CBK: Are Sworn Virgins expected to go to war?
No. And if they go to prison they go to a woman’s prison.

Photo ©2012 Jill Peters

Photo ©2012 Jill Peters

CBK: Are they treated as males by everyone or do some people, maybe family members, treat them as women?
To the people where this is common, it isn’t an issue. The villagers I met were mystified as to why we found this so interesting. The Sworn Virgins are treated as men by everyone and affectionately called “uncle” by their members of their own family. It is a matter of respect and honor.

CBK: Have you met any Sworn Virgins who have regretted their choice and why?
No, I did not meet any who regretted their decision. They all were content with their decision and believed they had made the right decision given the time they lived. Some said they would not recommend it now because times have changed and women are equal, so it is not necessary.

Photo ©2012 Jill Peters

Photo ©2012 Jill Peters

CBK:What was the one thing that surprised you most about these women?
Well, immediately I was struck by the fact that no one seemed to have any regrets. None felt that they had missed out on anything in life. The opposite was true actually; they all felt that the life they chose had afforded them the ability to live as they wanted to live.

CBK:What were the youngest and oldest ages you encountered among these women and how different are they generationally?
The youngest is Lumia, who was 38 when I first met him. The oldest was Qamille, who was 92. He passed away at 93 and as a Muslim was given a man’s funeral. I was told that over 250 people attended.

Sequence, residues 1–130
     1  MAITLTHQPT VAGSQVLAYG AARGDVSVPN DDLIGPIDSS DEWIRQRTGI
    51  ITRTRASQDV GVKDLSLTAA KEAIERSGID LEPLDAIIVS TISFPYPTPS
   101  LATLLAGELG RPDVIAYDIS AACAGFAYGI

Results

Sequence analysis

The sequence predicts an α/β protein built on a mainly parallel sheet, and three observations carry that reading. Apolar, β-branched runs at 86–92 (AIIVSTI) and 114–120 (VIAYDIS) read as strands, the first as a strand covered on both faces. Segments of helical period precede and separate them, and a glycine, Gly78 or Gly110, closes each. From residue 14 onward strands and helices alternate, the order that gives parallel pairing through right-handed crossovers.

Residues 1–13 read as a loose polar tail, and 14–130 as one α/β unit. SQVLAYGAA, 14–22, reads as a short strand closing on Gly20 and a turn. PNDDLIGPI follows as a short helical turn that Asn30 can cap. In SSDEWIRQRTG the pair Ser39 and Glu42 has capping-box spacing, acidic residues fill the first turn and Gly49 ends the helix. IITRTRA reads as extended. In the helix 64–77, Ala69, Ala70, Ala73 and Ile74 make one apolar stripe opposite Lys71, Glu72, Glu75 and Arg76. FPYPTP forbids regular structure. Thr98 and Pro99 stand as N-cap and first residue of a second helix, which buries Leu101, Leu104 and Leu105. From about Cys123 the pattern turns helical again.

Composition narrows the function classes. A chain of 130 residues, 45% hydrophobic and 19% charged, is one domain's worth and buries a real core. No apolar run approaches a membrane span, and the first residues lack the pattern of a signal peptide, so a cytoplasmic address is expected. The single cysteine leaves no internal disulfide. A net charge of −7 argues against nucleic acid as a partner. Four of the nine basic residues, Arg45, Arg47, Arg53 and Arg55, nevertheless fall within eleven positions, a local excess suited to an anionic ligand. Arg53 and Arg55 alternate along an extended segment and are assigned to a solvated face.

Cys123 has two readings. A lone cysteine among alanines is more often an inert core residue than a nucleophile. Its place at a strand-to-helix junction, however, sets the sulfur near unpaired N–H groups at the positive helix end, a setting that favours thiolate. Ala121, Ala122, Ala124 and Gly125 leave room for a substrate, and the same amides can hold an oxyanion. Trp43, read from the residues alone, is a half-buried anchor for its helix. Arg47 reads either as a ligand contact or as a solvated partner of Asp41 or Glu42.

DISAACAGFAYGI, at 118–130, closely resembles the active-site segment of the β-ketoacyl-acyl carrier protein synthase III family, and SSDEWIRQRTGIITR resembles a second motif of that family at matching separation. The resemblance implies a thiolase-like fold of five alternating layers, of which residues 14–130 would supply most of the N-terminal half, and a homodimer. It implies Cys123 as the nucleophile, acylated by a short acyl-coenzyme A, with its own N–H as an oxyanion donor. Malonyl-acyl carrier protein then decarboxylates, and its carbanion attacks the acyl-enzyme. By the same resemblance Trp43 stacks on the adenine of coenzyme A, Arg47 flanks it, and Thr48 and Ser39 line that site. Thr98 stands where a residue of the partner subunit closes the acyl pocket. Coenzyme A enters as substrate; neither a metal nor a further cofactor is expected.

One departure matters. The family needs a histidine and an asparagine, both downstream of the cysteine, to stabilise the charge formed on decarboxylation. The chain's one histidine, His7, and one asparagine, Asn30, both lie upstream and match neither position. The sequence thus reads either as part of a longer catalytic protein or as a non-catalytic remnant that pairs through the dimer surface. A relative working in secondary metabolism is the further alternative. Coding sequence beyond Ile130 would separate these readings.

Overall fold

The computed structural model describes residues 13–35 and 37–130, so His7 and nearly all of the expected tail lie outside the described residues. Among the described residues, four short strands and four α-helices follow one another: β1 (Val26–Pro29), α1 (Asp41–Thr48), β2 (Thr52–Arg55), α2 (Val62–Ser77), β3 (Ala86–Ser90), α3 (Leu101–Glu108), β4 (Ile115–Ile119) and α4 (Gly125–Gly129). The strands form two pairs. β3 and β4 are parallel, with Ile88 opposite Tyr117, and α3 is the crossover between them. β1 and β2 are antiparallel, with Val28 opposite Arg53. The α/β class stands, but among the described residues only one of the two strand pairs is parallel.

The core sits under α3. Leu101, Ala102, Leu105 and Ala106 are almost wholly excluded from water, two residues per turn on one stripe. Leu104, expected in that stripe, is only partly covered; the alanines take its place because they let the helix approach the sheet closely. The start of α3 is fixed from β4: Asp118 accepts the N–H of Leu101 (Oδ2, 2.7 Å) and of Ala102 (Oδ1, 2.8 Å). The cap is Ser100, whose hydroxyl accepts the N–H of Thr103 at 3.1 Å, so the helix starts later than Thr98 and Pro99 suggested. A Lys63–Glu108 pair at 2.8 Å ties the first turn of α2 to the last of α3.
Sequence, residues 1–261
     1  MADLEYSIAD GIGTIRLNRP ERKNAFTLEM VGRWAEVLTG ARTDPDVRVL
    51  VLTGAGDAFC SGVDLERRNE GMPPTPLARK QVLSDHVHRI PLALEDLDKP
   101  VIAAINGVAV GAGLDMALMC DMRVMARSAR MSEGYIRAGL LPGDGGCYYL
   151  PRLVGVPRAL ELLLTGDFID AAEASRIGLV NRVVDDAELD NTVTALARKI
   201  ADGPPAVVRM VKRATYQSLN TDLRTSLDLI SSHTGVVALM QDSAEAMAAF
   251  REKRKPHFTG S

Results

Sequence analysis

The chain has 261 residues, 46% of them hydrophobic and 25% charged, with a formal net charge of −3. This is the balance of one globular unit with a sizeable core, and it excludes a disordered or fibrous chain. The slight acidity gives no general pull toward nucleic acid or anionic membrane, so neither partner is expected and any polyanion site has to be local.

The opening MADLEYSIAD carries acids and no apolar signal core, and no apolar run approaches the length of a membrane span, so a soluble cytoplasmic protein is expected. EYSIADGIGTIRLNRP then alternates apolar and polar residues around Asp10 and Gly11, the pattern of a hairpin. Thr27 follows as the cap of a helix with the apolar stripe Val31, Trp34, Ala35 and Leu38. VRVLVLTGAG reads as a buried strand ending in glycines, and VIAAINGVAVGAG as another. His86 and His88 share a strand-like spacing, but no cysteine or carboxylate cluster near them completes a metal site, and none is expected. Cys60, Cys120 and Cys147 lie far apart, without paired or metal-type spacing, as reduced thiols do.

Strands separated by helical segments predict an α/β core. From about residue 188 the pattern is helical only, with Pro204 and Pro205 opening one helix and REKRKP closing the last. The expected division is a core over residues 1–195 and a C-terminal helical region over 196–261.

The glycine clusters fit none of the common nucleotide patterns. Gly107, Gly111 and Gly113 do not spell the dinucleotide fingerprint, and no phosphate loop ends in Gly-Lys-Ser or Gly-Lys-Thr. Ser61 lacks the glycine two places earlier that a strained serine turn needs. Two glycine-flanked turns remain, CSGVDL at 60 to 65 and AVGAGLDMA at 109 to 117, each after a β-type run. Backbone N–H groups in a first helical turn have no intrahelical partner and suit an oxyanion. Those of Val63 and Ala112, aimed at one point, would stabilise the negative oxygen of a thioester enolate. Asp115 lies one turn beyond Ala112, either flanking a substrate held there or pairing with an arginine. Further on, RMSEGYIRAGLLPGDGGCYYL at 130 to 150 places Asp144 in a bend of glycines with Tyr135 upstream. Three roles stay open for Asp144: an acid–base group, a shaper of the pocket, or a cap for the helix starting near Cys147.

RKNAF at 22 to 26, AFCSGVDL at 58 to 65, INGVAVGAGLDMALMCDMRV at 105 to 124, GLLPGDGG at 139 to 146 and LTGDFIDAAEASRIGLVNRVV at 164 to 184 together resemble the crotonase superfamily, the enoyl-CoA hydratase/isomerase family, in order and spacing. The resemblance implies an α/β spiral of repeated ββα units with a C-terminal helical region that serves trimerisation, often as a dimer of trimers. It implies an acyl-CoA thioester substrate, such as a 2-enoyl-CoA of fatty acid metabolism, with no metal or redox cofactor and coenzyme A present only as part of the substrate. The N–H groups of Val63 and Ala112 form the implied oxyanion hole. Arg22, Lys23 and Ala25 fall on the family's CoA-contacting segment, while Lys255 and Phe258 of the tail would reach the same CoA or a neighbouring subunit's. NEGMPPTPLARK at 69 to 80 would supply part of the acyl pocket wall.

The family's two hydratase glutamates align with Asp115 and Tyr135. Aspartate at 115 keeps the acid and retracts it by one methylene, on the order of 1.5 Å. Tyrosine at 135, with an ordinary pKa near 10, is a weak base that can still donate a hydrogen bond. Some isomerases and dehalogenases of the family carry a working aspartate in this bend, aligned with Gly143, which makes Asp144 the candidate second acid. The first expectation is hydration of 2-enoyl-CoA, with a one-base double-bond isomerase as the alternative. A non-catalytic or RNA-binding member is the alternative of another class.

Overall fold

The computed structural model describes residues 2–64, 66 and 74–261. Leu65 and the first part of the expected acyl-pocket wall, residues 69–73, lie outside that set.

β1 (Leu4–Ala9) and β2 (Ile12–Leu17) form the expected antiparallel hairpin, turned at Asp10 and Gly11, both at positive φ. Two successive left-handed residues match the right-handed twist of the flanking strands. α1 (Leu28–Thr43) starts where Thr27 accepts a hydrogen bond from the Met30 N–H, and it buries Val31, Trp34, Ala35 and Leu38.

Photo ©2012 Jill Peters

Photo ©2012 Jill Peters

CBK: What was your experience in creating these incredible portraits? How were you received as a photographer?
The first portraits were done at the time I was working on the documentary. I took them off to the side after shooting was finished, so it was just a very private exchange between my subject and I. When I returned two years later and photographed them all again, is when I really felt that a friendship had developed. We got to another level of trust. It meant a lot to them all that I came back and continued the project.

CBK: The numbers of Sworn Virgins are dwindling. How many are left now and where are they located?
Some estimates say as many as 200 or as few as 50. It’s hard to say because they mostly live in very remote, rural villages in Albania and Kosovo.

Photo ©2012 Jill Peters

Photo ©2012 Jill Peters

CBK: Are you surprised with the attention this project has received?
Yes, completely shocked. But then again, I had the same reaction when I first heard of them.

CBK: Tell us a bit about the documentary you are working on.
When I decided to actually go to Albania and try to find the sworn virgins, it became clear that this would make an amazing film. So I put together a very small but incredible film crew, bought all the plane tickets, hired a car and translator, before actually locating even the first subject. It was a little stressful to have so much riding on an idea, but it was also a great adventure. The footage is absolutely stunning. The DP is Rachel Morrison who just did an amazing job of shooting Fruitvale Station. Currently, the film is ongoing and still in production but I hope to have it finished within the next year.

Photo ©2012 Jill Peters

Photo ©2012 Jill Peters

See more of Jill Peters work at www.jillpetersphotography.com

One Response to “Sworn Virgins”

  1. Debbie Mitchell says:

    Lora,
    This is an amazing story! I’m looking forward to seeing the documentary.
    Thanks for sharing.